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Basic Java Limitations

I've painted a picture of the average project. The average team builds or ports applications that will deliver a web-based frontend on a relational database, potentially with other less meaningful services. The team probably uses increasingly agile principles, and likely wants to do unit testing. The team typically works under short schedules and great pressures. And given more dynamic alternatives, Java is not at all the language that I'd usually choose for such a project, in such an environment:

  • The many frameworks designed to simplify the Java development experience do make experienced Java developers more productive, but make the learning curve too steep for those new to Java.

  • Compile-time checking of exception and types adds safety, but comes at a cost of additional time and syntax.

  • Java's inability to express structured data leads to an over-reliance on XML, with the corresponding additional complexity and bloat.

  • Java's many compromises, like primitives, make Java harder to learn and more complex to write.

  • Java is more dynamic than C++, but is nowhere near as dynamic as languages like Smalltalk and Ruby. Java developers are finding metaprogramming, but they're not able to execute on those ideas fast enough.

  • Java's long compile/deploy cycle is much longer than interpreted, dynamic alternatives.

Taken alone, none of these issues hurts enough to matter. Taken together, Java becomes much less productive for most developers.

Steve Yegge: Java's Limitations

Language expert and creator of Wyvern

Steve Yegge, a graduate of the University of Washington, spent five years as an Assembly-language programmer at Geoworks and more than six years as a software development manager at Amazon.com. Steve somehow managed to find time to design, implement, and maintain a massive multiplayer game called Wyvern (http://www.cabochon.com/), with a half-million lines of Java and Python code.

What is your experience with Java?

SY: I was a card-carrying member of the Java community from late 1996 through mid-2003. I used Java to build a cool, multiplayer, user-extensible online game. Java got me really far, and I loved it for seven years.

Why did you start looking at other languages?

SY: I simply hit a productivity wall. As my code base grew, my innovation slowed, until finally, tasks were taking me an order of magnitude longer than I felt they should. I stopped development for six months and did a deep-dive investigation to figure out what the heck was going wrong. It wasn't what I expected. The problem was Java. I was pretty unhappy about this. I'd invested an awful lot in Java. AOP helped a little (albeit at a high entry cost), but nowhere near enough. Nothing else helped at all. What I needed was a new language.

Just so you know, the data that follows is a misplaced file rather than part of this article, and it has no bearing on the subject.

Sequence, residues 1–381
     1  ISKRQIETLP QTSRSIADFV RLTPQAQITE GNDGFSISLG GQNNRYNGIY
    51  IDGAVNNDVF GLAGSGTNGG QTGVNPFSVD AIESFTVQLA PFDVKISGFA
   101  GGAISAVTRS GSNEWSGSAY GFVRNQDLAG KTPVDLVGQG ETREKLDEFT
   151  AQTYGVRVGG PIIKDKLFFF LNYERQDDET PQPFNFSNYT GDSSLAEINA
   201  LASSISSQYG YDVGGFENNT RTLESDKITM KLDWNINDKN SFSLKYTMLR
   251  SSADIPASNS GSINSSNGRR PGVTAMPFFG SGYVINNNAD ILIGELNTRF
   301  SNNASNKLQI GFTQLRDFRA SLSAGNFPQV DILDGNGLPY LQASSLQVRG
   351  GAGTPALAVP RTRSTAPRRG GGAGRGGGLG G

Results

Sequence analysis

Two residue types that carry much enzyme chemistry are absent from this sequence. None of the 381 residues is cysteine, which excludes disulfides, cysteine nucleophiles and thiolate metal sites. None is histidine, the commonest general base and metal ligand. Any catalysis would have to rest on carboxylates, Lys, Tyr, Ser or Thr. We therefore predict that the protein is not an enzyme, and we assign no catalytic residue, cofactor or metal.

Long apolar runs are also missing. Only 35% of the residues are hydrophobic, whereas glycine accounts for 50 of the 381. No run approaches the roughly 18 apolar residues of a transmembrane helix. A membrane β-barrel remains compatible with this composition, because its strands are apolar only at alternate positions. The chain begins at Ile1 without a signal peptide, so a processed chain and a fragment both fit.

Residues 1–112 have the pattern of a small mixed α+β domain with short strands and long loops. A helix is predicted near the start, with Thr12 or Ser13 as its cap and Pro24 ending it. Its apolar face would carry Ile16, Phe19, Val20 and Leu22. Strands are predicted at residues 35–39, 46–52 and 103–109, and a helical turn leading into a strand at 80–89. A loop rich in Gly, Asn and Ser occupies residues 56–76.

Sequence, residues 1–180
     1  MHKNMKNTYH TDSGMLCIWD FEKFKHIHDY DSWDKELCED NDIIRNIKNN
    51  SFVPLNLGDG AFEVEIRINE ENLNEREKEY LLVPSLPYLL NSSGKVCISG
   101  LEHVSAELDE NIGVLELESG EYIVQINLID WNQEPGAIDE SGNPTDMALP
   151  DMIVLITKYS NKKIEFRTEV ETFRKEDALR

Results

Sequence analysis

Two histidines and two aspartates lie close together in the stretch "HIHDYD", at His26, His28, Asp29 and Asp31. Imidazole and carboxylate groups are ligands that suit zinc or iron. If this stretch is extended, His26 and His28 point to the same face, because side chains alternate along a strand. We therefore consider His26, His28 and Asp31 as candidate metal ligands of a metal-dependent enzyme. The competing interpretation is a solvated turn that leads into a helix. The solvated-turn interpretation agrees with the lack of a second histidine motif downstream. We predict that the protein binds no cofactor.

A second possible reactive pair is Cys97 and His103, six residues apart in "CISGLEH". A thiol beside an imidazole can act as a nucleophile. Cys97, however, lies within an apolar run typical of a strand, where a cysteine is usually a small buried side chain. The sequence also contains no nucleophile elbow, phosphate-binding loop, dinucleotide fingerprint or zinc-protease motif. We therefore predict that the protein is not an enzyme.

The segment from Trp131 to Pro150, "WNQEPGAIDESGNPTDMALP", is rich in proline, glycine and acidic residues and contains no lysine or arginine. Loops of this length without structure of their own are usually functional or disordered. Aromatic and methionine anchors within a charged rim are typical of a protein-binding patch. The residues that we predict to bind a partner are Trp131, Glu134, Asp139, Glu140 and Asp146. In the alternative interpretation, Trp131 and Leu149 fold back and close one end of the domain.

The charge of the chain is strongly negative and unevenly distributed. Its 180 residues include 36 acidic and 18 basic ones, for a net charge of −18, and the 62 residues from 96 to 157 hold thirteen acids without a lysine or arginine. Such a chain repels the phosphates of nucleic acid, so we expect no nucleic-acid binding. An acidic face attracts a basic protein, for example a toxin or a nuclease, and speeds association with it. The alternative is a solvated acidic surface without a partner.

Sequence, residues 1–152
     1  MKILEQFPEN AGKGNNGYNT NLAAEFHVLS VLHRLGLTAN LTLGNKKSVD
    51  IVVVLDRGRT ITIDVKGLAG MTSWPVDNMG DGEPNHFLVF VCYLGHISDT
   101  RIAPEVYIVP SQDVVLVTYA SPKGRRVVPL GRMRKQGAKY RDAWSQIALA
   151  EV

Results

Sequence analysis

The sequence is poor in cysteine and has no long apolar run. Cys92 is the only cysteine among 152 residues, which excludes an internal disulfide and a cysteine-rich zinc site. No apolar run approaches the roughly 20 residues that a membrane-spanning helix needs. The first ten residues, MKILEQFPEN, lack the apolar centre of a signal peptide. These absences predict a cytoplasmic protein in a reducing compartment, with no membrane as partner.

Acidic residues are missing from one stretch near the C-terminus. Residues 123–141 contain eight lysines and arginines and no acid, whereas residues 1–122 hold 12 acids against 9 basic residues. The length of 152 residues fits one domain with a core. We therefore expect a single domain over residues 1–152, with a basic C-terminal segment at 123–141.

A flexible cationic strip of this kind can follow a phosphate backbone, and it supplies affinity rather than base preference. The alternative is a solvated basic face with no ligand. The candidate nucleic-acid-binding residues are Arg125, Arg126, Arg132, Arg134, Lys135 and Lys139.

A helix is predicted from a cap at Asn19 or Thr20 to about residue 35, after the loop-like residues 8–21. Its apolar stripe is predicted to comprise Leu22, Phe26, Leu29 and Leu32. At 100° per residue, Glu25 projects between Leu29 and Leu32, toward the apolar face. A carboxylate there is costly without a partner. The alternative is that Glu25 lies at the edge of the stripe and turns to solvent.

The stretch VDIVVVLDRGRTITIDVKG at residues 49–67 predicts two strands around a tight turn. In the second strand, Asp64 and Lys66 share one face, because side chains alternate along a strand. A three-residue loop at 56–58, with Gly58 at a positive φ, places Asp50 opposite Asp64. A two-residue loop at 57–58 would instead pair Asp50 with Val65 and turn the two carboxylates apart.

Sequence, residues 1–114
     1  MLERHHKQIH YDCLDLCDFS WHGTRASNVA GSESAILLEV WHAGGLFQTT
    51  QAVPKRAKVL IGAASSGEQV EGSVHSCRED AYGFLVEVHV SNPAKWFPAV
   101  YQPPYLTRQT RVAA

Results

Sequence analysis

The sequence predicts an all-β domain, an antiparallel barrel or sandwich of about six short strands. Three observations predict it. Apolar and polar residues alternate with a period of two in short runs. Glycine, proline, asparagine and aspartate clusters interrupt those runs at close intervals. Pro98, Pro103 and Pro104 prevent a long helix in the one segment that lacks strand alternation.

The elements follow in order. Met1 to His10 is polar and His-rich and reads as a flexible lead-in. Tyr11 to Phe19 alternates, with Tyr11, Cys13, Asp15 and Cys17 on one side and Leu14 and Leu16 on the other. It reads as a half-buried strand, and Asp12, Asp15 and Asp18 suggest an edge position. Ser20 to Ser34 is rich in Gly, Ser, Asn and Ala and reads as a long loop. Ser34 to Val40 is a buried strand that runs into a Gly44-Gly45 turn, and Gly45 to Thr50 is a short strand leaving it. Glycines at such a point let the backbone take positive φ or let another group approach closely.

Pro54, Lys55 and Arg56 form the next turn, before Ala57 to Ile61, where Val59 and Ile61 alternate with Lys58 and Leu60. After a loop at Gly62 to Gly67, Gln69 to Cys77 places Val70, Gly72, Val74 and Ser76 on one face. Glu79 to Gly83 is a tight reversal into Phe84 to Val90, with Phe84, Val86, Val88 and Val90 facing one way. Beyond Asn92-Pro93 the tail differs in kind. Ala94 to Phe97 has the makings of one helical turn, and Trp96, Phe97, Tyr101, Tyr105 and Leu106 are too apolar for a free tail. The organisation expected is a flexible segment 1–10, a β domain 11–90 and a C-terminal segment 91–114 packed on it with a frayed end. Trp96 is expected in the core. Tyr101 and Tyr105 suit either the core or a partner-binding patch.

How does Java hold you back?

SY: First, Java offers an impoverished set of abstractions. No first-class functions, no reference parameters, no keyword or default params, no destructuring bind or even parallel assignment, no way to return multiple values efficiently, no continuations, no user-defined operators, no generators, no closures, no tuples...the list just goes on. Java's about 25 teeth shy of a full mouth.

Second, Java is entirely nonextensible. It can't grow. There's no metaprogramming, no macros, no templates, nothing that gives you syntactic abstraction. So, Java's incompressible. Java code is always filled with stuff that looks like copy and paste, but you can't factor it out. Java code and APIs always wind up bloated (and yet oddly impressive looking).

Third, Java can express code, but not data. You're stuck using property files, XML, and other means of defining data. But the line between code and data is blurrythink about configuration, for example. So, the Java folks are piling on framework after framework, creating this huge pipeline of transformations that can't be expressed in Java.

Fourth, Java's static type system sucks. Actually, all static type systems suck, but Java's is worse than most. It gives you only narrow avenues along which you're permitted to think. Java programmers must painstakingly learn to pound star-shaped pegs into square holes; this is what design patterns are mostly about.

Fifth, Java has far too much nonessential complexity. For instance, it now has four kinds of types: primitives, classes, arrays, and enums. All the type types have their own syntax and semantics, which you must learn and then handle in your APIs. It's not just types, either. Java's entire syntax is large and bureaucratic. Java's syntax is complex for no good reason.

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